ROMNEY: In its entirety? Not very many. Because it’s not even perfect for Massachusetts. At the time we created it, I vetoed several measures, and said these I think are mistakes, and I think that you and Massachusetts will find you have to correct them over time. But that's the nature of a piece of legislation of this nature, you'll see what works, what doesn't, you make the changes, but they have not made those changes, in some cases they've made things worse. So I wouldn't encourage any state to adopt it in toto. However, there’s some principles that a lot of states could benefit from.
I do think, for instance, that the idea of an exchange where individuals are able to purchase insurance, not just through their company but also individually, by being able to access a wide range of options from different insurance firms, that makes sense. Could that be done entirely privately? Yeah. Ours was a public-private kind of partnership where the insurance firms in our state contribute personnel, and knowhow, to an agency that is set up that allows people to access those different insurance policies and then one other thing that was important. There was a, and I can't remember the code, specifically in the Department of Labor regulations: If people are paying a health care premium to a state-qualified entity, then they get the same tax treatment as if their corporation was buying their insurance for them. In other words, they’d pay in pre-tax dollars.
So we found that if let’s say if a sole proprietor, of a convenience store, wanted to buy his or her own insurance, they would normally pay in after-tax dollars, but by going through this little “conduit” we called it -- we changed the name to “exchange” -- they actually got to pay in pre-tax dollars. So the exchange one, made it tax advantageous, and number two, it gave people access to insurance and insurance companies that they would not have had access to as individuals. We found that big insurers like Blue Cross and Blue Shield and others didn't have interest in sitting down and meeting with people one at a time. They were designed to market to big organizations. The exchange allowed people to be marketed to one at a time. I just happen to think that for the long term for the country it’s very wise for people to be able to own their own insurance as opposed to have it purchased for them by their employer.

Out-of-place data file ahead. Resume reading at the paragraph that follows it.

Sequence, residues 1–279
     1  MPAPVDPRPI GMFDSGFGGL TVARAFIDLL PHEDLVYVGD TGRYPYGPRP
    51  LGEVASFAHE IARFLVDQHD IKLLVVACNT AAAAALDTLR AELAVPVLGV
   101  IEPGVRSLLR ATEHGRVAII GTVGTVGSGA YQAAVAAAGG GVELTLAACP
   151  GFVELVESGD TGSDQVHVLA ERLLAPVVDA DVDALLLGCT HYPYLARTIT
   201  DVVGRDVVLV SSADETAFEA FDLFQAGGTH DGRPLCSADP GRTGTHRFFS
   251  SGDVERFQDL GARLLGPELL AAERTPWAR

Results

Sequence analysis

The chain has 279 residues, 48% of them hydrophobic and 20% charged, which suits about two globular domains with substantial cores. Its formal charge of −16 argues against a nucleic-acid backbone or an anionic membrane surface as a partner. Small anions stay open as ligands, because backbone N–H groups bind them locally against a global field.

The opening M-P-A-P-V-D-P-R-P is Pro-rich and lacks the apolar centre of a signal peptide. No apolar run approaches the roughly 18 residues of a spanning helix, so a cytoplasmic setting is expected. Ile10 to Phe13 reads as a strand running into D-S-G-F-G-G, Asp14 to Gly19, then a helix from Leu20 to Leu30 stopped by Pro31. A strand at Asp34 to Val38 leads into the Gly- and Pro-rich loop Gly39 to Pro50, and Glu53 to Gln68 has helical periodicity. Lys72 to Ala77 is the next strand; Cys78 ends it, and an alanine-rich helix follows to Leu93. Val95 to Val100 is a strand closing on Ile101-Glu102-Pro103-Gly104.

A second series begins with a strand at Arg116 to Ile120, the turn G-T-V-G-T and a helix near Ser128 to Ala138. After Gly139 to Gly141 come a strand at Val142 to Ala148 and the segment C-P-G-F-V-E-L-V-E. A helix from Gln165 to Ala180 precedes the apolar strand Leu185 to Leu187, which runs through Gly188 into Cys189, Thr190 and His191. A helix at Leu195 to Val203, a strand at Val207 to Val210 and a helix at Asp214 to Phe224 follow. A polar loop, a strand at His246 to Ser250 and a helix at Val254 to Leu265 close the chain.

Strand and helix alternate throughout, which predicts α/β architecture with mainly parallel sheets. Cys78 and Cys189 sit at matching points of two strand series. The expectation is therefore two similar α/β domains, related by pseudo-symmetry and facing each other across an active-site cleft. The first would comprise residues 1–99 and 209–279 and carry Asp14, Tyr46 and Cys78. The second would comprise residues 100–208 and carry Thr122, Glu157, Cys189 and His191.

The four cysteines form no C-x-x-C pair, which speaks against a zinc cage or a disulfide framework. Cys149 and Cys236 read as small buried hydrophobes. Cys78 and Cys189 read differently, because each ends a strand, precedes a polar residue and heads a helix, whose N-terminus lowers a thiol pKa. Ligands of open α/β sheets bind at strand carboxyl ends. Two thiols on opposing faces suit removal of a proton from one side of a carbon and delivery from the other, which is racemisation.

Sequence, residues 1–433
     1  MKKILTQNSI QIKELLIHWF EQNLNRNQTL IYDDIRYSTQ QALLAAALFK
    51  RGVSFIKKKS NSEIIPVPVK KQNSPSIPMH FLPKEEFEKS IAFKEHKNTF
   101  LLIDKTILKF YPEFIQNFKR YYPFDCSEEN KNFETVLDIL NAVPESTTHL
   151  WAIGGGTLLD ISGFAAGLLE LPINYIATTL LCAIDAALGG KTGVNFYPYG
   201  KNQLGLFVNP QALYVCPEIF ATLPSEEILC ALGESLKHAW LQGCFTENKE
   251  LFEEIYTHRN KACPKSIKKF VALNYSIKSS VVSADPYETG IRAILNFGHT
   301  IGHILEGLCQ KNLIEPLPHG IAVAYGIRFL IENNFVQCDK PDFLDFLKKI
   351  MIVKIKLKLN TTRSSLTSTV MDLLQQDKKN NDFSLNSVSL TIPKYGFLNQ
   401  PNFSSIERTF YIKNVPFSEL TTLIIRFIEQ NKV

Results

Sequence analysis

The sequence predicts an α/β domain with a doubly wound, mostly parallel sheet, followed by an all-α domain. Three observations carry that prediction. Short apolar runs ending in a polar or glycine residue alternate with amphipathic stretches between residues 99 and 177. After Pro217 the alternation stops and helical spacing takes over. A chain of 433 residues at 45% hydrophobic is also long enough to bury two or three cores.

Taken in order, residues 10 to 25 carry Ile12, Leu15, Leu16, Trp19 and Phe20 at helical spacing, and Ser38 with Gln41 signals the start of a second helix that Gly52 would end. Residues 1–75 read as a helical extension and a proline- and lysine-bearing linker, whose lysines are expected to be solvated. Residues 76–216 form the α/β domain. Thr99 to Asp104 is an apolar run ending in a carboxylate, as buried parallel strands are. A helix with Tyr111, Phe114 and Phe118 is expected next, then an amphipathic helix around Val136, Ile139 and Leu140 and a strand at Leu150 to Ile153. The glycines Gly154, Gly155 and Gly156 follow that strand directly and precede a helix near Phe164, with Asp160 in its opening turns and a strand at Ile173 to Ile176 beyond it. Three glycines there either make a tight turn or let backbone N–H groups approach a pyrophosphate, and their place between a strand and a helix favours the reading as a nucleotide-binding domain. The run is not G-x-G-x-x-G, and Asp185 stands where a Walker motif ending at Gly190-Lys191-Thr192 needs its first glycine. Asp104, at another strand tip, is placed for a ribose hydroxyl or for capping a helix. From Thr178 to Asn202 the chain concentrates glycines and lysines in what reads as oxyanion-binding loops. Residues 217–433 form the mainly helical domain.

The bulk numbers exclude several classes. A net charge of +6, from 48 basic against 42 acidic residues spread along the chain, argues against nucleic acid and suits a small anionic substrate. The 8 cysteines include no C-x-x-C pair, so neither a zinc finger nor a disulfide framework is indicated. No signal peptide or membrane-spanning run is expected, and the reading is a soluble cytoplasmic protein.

Right now, no one thinks that they would want to have anyone but their employer buy their insurance. But if you think about it over time, they say 'wait a second,' it would be nice to have my own policy, to get it on a tax advantage basis and then carry it with me from job to job. If I get fired the policy stays with me, and the insurance company I choose will have an incentive to keep me healthy, because they know that I'm likely to keep this policy for years and years and years. Oh, and my favorite thing, I can fire them if I don't like them.
YORK: But you wouldn't recommend that any state adopt the plan that was adopted in Massachusetts in its entirety?
ROMNEY: In its entirety, no. But there are principles that I think that are helpful and instructive for the states to learn from and I think that there are other states that have picked up some portion of what we did.
PHILIP KLEIN: You’ve said that on day one of your presidency, you would grant Obamacare waivers to all 50 states, as you pursue full repeal. But under the language of the health care law, waivers are subject to a number of restrictions, and wouldn’t apply until the year 2017. So what immediate and specific relief would your executive order provide for individuals and businesses, assuming it’s issued on January 20, 2013?
ROMNEY: Well, I will certainly pursue repeal, and that’s something which will occur if we have a Republican House and a Republican Senate, my guess is it could be done pretty close to day one. If that’s not the case, and I have to go through the waiver process, we will do our best.